[0002] In the automotive tool industry a spark-plug socket has been a standard item in every mechanics tool box. They are designed specifically for servicing spark-plugs due the spark-plugs peculiar size and shape. The special design is also neccessary because of the fragile nature of spark-plugs from the way they are produced using a ceramic or porcelan body. If the body is fractured, which is an insulator for the center electrode, then a spark leak will occur causing an engine miss and can eventually create engine damage if not repaired. Take a look in every tool companies catalogue and you'll find a variety of dedicated spark-plug sockets. These will work fine in normal applications. Put a set of performance or race car style exhaust headers onto the engine and those standard sockets will fail to perform the required task in many instances. Even if, on a normal V-8 engine, a mechanic can remove 7 spark-plugs with ease with the traditional spark-plug sockets but cannot service the eighth, where does that leave him? It leaves him in an extremely bad position. The only option is to remove the exhaust header to gain clearance for the traditional socket. What a waste of time!

[0003] With the new invention of Spark-Plug Sockets for Headers, these nearly impossible service situations will become routine.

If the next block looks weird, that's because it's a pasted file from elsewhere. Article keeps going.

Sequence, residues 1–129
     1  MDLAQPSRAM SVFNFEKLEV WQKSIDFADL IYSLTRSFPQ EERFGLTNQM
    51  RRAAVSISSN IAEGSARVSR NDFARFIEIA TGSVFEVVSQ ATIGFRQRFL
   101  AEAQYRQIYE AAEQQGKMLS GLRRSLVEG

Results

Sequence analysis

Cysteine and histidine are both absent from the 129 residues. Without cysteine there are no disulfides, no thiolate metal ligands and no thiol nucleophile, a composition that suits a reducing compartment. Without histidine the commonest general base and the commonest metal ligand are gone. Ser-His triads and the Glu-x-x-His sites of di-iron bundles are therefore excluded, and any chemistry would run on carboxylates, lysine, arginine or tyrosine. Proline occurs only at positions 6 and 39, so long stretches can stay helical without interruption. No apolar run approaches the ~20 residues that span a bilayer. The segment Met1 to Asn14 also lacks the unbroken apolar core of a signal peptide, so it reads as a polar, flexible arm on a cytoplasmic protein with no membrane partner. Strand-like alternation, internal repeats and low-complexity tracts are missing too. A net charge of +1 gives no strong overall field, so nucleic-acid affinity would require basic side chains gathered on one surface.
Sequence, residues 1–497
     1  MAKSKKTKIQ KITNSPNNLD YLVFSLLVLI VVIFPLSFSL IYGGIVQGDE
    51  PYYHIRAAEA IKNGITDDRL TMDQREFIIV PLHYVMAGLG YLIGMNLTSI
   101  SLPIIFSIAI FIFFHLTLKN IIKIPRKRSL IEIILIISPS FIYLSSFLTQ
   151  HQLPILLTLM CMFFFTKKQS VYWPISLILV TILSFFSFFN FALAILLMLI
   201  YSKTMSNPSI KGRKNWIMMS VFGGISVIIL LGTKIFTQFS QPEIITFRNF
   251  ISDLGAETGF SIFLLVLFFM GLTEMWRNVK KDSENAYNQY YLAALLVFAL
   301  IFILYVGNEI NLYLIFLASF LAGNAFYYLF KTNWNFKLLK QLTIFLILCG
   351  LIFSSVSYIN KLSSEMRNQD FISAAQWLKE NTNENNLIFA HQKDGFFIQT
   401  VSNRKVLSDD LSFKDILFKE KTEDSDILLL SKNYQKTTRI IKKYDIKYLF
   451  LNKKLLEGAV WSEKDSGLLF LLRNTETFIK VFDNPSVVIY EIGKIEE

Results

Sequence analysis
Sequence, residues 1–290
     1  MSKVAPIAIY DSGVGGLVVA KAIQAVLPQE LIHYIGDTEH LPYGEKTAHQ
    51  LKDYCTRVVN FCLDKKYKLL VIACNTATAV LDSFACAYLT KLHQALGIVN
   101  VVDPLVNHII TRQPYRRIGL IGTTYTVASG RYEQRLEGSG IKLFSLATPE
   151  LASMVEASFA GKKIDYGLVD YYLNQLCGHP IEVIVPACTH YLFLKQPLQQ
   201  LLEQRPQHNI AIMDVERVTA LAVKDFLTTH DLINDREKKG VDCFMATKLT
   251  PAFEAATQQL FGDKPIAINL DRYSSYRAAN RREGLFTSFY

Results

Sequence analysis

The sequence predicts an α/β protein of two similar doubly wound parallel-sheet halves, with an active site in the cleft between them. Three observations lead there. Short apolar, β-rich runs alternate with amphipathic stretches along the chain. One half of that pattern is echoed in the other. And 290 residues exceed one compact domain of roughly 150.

[0004] Spark-Plug Sockets for Headers are designed as a multi-tool system. The different size tools will allow the mechanic to decide which tool is most appropriate for the job. The varying lengths and cuts will allow spark-plug servicing in nearly any engine/exhaust combination without the need for exhaust system removal. The tool system presently consists of a total of 6 sockets. Three ⅝″ internal hex and three {fraction (13/16)}″ internal hex. The three ⅝″ internal hex sockets come in three lengths. The three {fraction (13/16)}″ internal hex sockets also come in three varying lengths. The sockets consist of five standard hand tool elements. The elements are an internal hex, an outer hex, a thru-bore, a vertical mill slot and varying length. However it's the combination of all five elements that produce a truly unique and powerful tool. In the final form, this tool becomes a mechanics dream.


[0005] 1: U.S. Pat. No. 2,570,779—Reversible Ratchet Wrench.

[0006] 2: U.S. Pat. No. 5,009,343—Automotive Tool.

[0007] 3: U.S. Pat. No. 5,074,172—Spark Plug Tool.

[0008] 4: U.S. Pat. No. 5,074,1 73—Spark Plug Tool.


[0009] Manufacture of the Invention